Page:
Disney+ data hits dark web, but Magic Kingdom claims no hack

If the "Pirates of the Caribbean" became part of the sequel to "Ralph Breaks the Internet," that would describe the plot line for the latest drama surrounding Disney's 18-day-old streaming service.

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Disney+ launched amidst a flood of tech glitches, but now social media is on fire with reports of accounts being hacked and log-ins being sold on the dark web. Disney is pushing back against reports of a security breach on the platform.

A spokesperson for the company told FOX Business that no indications could be found pointing to a data hack: “We have found no evidence of a security breach. We continuously audit our security systems and when we find an attempted suspicious login we proactively lock the associated user account and direct the user to select a new password.”

However, Twitter is rich with messages of claims of hacking.

News site ZDNet found stolen account usernames and passwords selling for $3 on underground hacking forums. Although Disney+ only costs $6.99 per month, many accounts are pre-paid annually at $69.99, so buyers of this information are literally getting a steal.

Disney said those hacks came before the launch of Disney+ and that its streaming service is secure: “We have seen a very small percentage of users in this situation and encourage any who are having issues to reach out to our customer support so we can help them.”

Some email and password combinations could have been reused by new Disney+ subscribers after they had previously been stolen from other online services. The company did not say how many subscribers have had security problems.

Kevin Mayer, the head of Disney’s direct-to-consumer and international division which oversees Disney+, pointed to heavy traffic on the platform, which could explain some user lockouts and technical issues: “We never had demand like we saw that day,” he said at Recode’s Code Media Conference Tuesday. “We ran into issues with the architecture,” he added, explaining that Amazon was not to blame for the customer service issues. “It was a coding issue and we are going to recode it,” he said, promising software updates in the coming weeks.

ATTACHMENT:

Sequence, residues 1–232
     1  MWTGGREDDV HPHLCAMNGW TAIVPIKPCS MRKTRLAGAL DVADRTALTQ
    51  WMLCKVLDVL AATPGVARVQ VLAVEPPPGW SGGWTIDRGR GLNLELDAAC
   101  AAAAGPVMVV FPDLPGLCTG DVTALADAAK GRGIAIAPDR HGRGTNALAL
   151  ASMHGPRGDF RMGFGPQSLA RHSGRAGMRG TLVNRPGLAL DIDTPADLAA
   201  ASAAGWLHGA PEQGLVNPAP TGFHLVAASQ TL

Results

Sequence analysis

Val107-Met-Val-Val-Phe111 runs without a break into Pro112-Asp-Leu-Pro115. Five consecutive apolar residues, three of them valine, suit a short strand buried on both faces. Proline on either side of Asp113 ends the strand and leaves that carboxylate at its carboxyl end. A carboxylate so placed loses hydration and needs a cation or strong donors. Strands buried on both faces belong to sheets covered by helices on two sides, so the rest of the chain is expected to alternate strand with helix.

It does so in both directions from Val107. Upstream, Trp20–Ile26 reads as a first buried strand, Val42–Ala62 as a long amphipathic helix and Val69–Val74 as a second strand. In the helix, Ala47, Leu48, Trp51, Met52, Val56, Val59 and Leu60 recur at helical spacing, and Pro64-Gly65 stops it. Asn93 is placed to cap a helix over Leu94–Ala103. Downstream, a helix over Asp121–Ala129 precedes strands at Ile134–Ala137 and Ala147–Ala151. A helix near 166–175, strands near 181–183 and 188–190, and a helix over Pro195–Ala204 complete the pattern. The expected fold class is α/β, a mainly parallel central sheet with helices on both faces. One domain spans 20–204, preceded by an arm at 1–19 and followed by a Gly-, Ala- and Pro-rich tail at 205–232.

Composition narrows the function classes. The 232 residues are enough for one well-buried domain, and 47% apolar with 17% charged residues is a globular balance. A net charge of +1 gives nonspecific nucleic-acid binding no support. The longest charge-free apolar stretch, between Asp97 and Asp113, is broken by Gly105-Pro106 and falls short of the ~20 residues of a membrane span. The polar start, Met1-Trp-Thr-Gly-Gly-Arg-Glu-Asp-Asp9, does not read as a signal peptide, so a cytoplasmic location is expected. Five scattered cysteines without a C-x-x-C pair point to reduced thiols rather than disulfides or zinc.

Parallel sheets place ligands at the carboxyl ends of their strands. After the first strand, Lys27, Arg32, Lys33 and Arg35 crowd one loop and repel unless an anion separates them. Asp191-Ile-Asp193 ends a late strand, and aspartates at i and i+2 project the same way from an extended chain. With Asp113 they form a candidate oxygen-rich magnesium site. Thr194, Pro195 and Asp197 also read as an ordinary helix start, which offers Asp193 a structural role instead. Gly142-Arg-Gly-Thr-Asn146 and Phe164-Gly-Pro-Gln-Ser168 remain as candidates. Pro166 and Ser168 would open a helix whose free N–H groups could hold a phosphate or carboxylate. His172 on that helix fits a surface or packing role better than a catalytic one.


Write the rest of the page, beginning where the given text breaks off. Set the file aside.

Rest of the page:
Suspicions of a breach at Disney+ is the latest occurrence in a series of hacks targeting sensitive data. Per intelligence-data website Risk Based Security, the first six months of 2019 saw 4,000 publicly disclosed breaches, exposing 4.1 billion records.

Dan Rayburn, a principal analyst at market research firm Frost and Sullivan, told FOX Business that there are a few defenses users can employ to protect their online data.

“It’s simple: You need a password that’s hard to recognize and that you haven’t used on other accounts. There is nothing Disney can do if users use a very simple password that can easily be guessed or that they’ve used already on other accounts on a public domain.”

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DISWALT DISNEY COMPANY146.98+0.10+0.07%

Kelvin Coleman, executive director of the National Cyber Security Alliance, agreed.

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“We tell people to ‘own it, secure it and protect it’ by using long and strong passwords or passphrases, implementing multi-factor authentication on any account it’s offered and to update the latest security software, web browser and operating systems,” Coleman said.

The NCSA works with the U.S. Department of Homeland Security.

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The incident at Disney+ comes as it launches itself into a highly contested streaming war with competitors like Netflix, AppleTV+ and the soon-to-launch HBOMax.

Disney’s stock is up nearly 30 percent on the year and more than 33 percent year-to-date.

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